No, You Can’t Buy Berkshire Stock at a 99% Discount

A man looking at a screen at the New York Stock Exchange
Michael Nagle/Xinhua via Getty Images

  • NYSE will cancel trades after glitch causes 40 stocks, including Berkshire Hathaway, to halt.
  • The glitch caused Berkshire Hathaway to appear to be trading at a 99% discount.
  • The technical problem lasted two hours and was related to Consolidated Tape Association software.

The New York stock exchange said it would reverse trades made after an issue caused trading to halt for 40 stocks Monday morning, including Berkshire Hathaway, which appeared to be trading at a 99% discount.

Warren Buffett Class A Stock The company appeared to be trading at $185.10 per share before trading halted. Trading can be halted before a news event, due to regulatory issues or if a stock falls out of certain price ranges, which is what happened to Berkshire Hathaway.

According to LSEG data, a handful of trades took place at a discounted price in the minute before the shutdown began. The NYSE said all Berkshire Hathaway trades made at or below $603,718.30 would be reversed.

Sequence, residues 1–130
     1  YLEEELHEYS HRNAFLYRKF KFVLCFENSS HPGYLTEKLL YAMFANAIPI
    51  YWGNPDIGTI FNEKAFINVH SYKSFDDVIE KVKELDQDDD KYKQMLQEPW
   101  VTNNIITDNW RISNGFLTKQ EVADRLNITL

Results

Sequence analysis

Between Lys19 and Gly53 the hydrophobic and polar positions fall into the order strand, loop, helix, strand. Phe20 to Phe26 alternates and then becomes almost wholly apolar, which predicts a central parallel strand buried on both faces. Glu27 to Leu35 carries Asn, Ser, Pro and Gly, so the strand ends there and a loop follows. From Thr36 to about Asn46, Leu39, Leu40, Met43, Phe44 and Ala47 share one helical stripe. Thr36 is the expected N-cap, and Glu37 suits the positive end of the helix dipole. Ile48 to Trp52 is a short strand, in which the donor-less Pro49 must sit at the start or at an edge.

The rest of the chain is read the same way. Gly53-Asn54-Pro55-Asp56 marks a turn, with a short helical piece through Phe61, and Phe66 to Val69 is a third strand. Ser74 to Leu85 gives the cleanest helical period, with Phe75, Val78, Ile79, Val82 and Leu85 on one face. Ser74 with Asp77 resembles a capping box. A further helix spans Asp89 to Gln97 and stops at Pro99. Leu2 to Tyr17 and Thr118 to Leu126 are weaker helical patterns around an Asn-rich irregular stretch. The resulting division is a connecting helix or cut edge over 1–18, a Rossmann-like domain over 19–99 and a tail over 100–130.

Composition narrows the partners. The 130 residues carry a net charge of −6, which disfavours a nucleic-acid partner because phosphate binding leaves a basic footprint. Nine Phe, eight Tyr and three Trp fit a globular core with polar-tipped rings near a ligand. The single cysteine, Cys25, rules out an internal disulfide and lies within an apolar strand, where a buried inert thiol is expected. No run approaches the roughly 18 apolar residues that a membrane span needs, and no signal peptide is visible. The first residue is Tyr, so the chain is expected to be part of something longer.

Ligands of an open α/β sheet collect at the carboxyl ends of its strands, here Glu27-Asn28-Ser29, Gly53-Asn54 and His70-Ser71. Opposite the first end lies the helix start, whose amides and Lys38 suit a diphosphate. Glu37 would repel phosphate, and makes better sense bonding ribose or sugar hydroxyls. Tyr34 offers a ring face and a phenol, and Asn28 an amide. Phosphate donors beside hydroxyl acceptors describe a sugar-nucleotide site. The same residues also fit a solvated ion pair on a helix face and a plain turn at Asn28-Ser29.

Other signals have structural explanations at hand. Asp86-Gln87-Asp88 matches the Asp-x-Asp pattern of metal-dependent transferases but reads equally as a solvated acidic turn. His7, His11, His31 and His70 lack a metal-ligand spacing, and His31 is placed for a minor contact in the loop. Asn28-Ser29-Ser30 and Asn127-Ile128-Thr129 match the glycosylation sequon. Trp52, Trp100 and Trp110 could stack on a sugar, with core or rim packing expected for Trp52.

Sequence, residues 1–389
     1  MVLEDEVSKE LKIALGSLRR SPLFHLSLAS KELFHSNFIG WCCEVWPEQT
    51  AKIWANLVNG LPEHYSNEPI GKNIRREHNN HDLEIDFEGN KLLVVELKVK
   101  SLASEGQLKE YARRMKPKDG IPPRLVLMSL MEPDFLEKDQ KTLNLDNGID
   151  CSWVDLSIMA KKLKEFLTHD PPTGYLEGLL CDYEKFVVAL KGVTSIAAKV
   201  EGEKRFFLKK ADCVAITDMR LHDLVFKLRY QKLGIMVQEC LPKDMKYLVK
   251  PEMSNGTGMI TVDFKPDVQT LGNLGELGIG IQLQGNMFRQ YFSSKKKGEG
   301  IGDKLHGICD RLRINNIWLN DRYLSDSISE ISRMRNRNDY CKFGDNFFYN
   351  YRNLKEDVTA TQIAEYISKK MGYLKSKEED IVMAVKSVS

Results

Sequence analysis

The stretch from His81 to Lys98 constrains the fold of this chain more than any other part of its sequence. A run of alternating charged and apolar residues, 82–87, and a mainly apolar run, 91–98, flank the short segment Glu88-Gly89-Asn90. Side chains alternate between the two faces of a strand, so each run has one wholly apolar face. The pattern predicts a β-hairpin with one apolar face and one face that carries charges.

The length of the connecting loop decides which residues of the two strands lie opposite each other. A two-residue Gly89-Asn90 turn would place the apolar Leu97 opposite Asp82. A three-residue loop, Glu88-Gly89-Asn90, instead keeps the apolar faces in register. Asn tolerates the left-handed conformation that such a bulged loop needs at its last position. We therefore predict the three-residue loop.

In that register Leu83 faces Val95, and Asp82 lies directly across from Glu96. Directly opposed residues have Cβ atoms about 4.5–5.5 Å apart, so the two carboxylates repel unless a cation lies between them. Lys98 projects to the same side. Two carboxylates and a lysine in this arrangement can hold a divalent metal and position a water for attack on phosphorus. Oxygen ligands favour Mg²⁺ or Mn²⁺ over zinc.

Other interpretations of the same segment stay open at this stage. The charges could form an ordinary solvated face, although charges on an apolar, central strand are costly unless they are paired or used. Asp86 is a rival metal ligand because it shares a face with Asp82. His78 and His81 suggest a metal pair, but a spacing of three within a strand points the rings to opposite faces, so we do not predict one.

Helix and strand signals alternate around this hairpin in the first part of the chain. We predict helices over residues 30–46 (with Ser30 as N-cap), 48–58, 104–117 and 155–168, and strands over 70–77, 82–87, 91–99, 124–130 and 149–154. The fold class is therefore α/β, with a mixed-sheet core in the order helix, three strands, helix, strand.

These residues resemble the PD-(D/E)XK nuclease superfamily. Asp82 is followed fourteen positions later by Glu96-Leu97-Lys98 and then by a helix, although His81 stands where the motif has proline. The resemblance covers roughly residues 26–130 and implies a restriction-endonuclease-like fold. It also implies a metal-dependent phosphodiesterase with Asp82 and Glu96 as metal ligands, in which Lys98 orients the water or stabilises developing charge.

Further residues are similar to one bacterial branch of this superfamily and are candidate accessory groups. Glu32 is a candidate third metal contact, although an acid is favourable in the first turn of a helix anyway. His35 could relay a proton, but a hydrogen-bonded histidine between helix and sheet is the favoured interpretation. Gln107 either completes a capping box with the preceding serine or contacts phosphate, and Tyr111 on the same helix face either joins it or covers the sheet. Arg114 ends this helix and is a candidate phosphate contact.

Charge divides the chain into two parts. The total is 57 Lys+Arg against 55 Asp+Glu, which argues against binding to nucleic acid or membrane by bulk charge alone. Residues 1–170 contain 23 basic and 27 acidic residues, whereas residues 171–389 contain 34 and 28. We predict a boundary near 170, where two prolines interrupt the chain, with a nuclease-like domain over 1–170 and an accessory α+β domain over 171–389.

The conglomerate’s Class A shares closed at $627,400 on Friday. The stock reopened at $648,000 at 11:36 a.m..m., and closed at $631,110 on Monday.

The technical glitch, which originated with real-time stock quotes from the Consolidated Tape Association, lasted about two hours and was resolved around 11:45 a.m.

The NYSE allows traders to report “clearly erroneous” trades and seek compensation, if necessary. Last January, a glitch on the NYSE caused dramatic price swings for more than 250 companies and was traced to a staff member who left a backup system running.

The CTA oversees the dissemination of real-time price information across multiple exchanges. He said Monday’s problem could have stemmed from an “issue with the Limit Up/Limit Down price bands that may have been related to a new software release.”

The NYSE has issued similar cancellation notices for at least 12 other companies, such as fast-casual chain Chipotle, and exchange-traded funds, including a Pimco bond ETF.

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Sara Adm

Aimant les mots, Sara Smith a commencé à écrire dès son plus jeune âge. En tant qu'éditeur en chef de son journal scolaire, il met en valeur ses compétences en racontant des récits impactants. Smith a ensuite étudié le journalisme à l'université Columbia, où il est diplômé en tête de sa classe. Après avoir étudié au New York Times, Sara décroche un poste de journaliste de nouvelles. Depuis dix ans, il a couvert des événements majeurs tels que les élections présidentielles et les catastrophes naturelles. Il a été acclamé pour sa capacité à créer des récits captivants qui capturent l'expérience humaine.
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